Cariboo account provides laughs and more laughs

In a world filled with teenage vampires and modified comic book heroes Never Shoot a Stampede Queen, the debut novel

Never Shoot A Stampede Queen

In a world filled with teenage vampires and modified comic book heroes Never Shoot a Stampede Queen, the debut novel from Mark Leiren-Young, a former newspaper reporter in the Cariboo, is a refreshing page-turner, and nearly impossible to stop thinking about even once put down.

It’s refreshing because it’s real, and I don’t just mean it was set in real life, it’s more than that. It’s real emotions; real consequences happen to real characters, who make real mistakes that can’t always be fixed by the end of the chapter with a heart-to-heart and a hug.

Most of all, it’s real hard to believe one man experienced all he did over the course of only a year. The tales Leiren-Young tells are riveting; it’s like a movie in your head.

The factual novel follows Leiren-Young during his one and only year reporting for the Williams Lake Tribune of Williams Lake, B.C.

Never Shoot a Stampede Queen was named after one of Leiren-Young’s reporting escapades for the Tribune. Although the book was published in 2008, it’s set in the 1980s.

Leiren-Young spent many years collecting his stories and after revising them many times finally published them, after a lot of prodding from friends.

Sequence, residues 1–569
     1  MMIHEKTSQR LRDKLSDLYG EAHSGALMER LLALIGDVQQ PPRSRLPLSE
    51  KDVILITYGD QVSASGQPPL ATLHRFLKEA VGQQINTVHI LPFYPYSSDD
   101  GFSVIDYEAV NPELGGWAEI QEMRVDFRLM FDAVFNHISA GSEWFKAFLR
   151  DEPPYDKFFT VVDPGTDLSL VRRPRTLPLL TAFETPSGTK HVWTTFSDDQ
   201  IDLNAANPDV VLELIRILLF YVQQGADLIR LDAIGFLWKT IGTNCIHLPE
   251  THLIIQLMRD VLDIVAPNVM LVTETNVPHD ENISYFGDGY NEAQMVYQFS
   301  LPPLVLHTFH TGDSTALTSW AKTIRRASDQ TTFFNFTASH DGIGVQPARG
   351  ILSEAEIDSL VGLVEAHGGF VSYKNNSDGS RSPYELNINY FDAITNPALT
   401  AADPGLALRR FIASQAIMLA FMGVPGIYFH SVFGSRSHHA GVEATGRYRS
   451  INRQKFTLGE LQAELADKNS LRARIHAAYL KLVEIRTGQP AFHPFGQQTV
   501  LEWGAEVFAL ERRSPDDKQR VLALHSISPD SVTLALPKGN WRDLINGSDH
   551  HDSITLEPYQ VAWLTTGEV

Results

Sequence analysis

Leiren-Young eventually moved back to the Cariboo with his wife.

His book opens in a courtroom, the judge is arguing with the defendant, who happens to have a bomb strapped to his chest. Right from page one the pace never slows down.

Unlike other factual books this one isn’t littered with dates or boring details. It just flows from one crazy, engulfing tale to the next.

Leiren-Young uses unabashed honesty, sometimes at his own expense; to paint the small town of Williams Lake exactly how small towns are; crazy like a big city but dangerously more intimate.

He takes you on a journey through the backwoods of British Columbia where the environmentalists really are mental, revenge includes a lead pipe or a gun, the dead of winter can actually kill, and everyone in the town accepts that’s just the way life is.

This book made me laugh. It made me happy, sad, angry, and wishful. And because of all that it made itself memorable.

Looking at the book, sitting there on my desk I want to pick it up and read it again, even though it was finished hardly an hour ago. I want to run around, sticking a copy in every mailbox. I want to drive down to Hollywood to have it made into a movie, just so I have another fix of it. But only after directors swear not to ruin it or change a thing on pain of death. And I want to have I love Never Shoot a Stampede Queen tattooed on my bicep because the book was just that good, plain and simple.

I could fill a newspaper on the psychology, ins and outs, pros and cons of this book but that would hardly scratch the surface of why it’s so great. It’s like ice cream on a hot day, satisfying and good, but no one can truly put their finger on why.

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